Besides the obvious requirements and demands of needing to design a display server that can fully replace the needs of the long-standing X Server, and making all the tool-kits and major software support running natively on Wayland, another inhibitor to Wayland's adoption has been its graphics driver requirements. In particular, Wayland requires kernel mode-setting, EGL (in place of a DRI2 requirement), in-kernel memory management (GEM), and 3D acceleration.
The major open-source drivers (Intel, Radeon, and Nouveau) in their mainline code-bases now support running Wayland directly, but the proprietary AMD Catalyst and NVIDIA drivers still lack the necessary support and they will likely continue without Wayland support for the near future. There's also many obscure graphics hardware and drivers out there that aren't yet capable of running Wayland: VIA, XGI, S3, Matrox, PowerVR, etc.
For the obscure hardware out there unlikely to receive Wayland support or in cases where the user's waiting on hardware enablement (e.g. new graphics processors not yet supported by the open-source drivers), Wayland is now capable of using the software rendering found in Mesa's Gallium3D architecture.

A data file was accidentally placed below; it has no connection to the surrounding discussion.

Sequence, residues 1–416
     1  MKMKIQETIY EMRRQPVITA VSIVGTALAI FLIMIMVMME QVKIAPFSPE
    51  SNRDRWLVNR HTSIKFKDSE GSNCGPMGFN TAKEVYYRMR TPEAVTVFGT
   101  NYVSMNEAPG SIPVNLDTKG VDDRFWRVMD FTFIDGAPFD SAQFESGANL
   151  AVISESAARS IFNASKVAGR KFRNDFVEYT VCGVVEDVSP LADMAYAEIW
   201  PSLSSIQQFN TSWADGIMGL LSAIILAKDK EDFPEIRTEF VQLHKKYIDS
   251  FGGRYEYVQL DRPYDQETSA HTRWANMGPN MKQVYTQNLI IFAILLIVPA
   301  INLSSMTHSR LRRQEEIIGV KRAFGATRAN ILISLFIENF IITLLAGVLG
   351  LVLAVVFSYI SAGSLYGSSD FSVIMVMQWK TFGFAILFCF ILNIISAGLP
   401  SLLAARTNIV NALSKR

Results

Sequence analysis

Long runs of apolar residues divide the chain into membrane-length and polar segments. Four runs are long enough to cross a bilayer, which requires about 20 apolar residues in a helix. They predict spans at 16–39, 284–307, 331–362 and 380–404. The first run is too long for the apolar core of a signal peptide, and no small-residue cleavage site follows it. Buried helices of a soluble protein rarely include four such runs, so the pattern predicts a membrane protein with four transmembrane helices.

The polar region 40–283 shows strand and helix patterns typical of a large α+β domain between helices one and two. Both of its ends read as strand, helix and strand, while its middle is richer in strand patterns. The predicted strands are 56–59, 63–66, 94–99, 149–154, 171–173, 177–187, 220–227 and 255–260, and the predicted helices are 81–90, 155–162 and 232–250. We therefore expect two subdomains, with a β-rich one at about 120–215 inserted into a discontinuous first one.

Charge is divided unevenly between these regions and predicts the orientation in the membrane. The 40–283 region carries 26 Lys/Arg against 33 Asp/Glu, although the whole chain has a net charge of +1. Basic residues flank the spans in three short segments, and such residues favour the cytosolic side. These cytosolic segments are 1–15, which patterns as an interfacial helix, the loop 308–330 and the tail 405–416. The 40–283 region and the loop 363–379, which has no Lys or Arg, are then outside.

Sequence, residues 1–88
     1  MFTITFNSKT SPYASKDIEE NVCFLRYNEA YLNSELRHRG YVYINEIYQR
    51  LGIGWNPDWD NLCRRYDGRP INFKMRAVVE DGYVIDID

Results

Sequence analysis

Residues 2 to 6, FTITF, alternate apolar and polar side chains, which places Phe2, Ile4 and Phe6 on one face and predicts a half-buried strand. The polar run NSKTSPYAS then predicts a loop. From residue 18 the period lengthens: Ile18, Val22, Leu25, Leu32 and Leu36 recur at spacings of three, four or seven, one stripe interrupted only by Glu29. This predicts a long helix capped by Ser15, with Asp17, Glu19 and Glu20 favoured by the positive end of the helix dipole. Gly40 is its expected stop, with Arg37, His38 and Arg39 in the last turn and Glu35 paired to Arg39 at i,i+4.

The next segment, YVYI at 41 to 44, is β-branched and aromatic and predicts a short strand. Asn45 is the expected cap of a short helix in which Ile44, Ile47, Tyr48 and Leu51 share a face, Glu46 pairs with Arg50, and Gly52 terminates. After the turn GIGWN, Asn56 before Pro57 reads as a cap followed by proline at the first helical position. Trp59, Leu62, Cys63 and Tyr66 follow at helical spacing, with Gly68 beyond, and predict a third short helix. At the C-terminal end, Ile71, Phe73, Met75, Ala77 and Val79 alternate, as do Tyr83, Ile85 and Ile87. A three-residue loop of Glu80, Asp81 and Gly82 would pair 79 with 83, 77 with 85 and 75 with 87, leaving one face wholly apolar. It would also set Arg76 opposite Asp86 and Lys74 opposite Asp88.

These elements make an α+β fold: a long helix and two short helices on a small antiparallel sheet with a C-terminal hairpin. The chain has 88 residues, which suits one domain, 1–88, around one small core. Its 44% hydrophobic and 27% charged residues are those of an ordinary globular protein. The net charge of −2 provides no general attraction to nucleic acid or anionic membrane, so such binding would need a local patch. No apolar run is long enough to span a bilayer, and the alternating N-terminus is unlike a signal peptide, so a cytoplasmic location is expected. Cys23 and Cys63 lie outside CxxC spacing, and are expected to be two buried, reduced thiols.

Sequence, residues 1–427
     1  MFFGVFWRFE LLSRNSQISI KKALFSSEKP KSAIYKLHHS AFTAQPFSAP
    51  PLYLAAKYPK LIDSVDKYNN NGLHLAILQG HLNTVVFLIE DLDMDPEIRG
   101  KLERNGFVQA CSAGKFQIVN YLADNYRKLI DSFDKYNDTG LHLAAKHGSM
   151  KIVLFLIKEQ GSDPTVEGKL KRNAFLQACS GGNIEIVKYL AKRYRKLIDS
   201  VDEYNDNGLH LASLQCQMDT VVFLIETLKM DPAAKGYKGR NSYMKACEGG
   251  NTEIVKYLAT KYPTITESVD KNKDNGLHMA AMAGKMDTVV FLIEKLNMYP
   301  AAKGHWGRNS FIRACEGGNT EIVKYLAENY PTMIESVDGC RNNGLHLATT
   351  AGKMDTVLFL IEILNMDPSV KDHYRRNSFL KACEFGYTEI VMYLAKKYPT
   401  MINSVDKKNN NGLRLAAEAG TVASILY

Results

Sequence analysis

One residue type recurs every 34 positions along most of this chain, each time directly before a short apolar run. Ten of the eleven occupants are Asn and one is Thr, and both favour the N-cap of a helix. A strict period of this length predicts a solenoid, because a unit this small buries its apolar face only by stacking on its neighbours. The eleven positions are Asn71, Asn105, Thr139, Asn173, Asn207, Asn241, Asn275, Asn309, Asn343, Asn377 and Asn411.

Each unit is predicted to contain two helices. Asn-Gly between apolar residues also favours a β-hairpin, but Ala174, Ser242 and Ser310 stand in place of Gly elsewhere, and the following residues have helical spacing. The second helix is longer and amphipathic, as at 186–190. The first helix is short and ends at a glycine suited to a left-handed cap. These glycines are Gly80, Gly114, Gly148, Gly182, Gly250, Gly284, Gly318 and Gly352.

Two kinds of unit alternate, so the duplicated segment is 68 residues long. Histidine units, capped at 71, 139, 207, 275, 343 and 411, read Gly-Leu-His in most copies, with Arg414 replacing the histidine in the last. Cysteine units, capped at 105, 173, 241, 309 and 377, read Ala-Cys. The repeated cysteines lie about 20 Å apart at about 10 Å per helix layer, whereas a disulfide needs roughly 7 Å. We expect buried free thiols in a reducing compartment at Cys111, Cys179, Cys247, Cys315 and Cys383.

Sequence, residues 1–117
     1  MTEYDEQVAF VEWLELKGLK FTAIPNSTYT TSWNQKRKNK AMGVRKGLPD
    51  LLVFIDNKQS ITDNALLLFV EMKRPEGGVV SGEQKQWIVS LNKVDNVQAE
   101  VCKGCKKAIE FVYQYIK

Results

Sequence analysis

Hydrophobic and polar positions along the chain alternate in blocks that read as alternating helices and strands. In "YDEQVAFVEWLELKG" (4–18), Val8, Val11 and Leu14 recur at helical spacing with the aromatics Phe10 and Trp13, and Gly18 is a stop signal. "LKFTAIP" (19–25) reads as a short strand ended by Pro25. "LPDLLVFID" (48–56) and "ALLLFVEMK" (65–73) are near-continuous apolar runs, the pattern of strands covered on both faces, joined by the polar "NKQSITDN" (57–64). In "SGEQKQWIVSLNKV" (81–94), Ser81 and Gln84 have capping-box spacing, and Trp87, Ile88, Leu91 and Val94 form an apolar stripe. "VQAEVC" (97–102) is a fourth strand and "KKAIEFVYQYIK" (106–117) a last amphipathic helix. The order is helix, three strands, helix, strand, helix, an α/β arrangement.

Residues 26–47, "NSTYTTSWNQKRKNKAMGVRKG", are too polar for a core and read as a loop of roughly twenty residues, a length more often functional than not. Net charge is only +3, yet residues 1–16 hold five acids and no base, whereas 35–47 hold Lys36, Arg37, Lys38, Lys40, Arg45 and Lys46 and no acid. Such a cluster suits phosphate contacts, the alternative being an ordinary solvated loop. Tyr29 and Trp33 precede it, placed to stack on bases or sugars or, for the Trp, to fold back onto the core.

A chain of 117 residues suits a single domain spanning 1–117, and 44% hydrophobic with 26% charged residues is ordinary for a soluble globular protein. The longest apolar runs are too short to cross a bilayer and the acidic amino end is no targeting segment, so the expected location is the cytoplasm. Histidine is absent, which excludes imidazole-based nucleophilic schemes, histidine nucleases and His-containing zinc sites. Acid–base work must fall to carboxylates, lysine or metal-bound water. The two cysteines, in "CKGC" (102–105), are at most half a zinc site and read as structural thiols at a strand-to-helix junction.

Benjamin Franzke has written to the Wayland mailing list today about Software Rendering
. Support to Mesa and Wayland have been added for client-side software rendering on Gallium3D's Softpipe driver.
Even if you have hardware acceleration, you can opt to use software acceleration by setting the EGL_SOFTWARE, EGL_DRIVER, and EGL_PLATFORM environmental variables for the Wayland client. This is also capable of running the X11 compositor for Wayland with software rendering.
Wayland has also moved the buffer management into EGL so that DRI2 is no longer a hard requirement for the driver. As part of this work to bring Wayland up on software rendering, Ben added a Wayland software shared memory winsys to Gallium3D and cleaned up the EGL state tracker for Wayland.
Ben is also the developer that's been exploring OpenWF support -- the low-level Khronos API for composited windowing systems -- in Wayland as an alternative to (or in replace of) using Linux KMS APIs directly.
Right now this is using the Gallium3D Softpipe driver, but without too many problems it should be possible to get it running with the LLVMpipe
software driver. LLVMpipe runs significantly faster than Softpipe as it takes advantage of the Low-Level Virtual Machine (LLVM) and can take full advantage of modern processor features.
Along the same lines, last year it became possible to run Wayland off a Linux frame-buffer
for those without kernel mode-setting support.
So in theory if you have a very fast processor, lots of system memory, and some obscure graphics processor or are dedicated to unsupported proprietary drivers, it's possible to run Wayland using software rendering.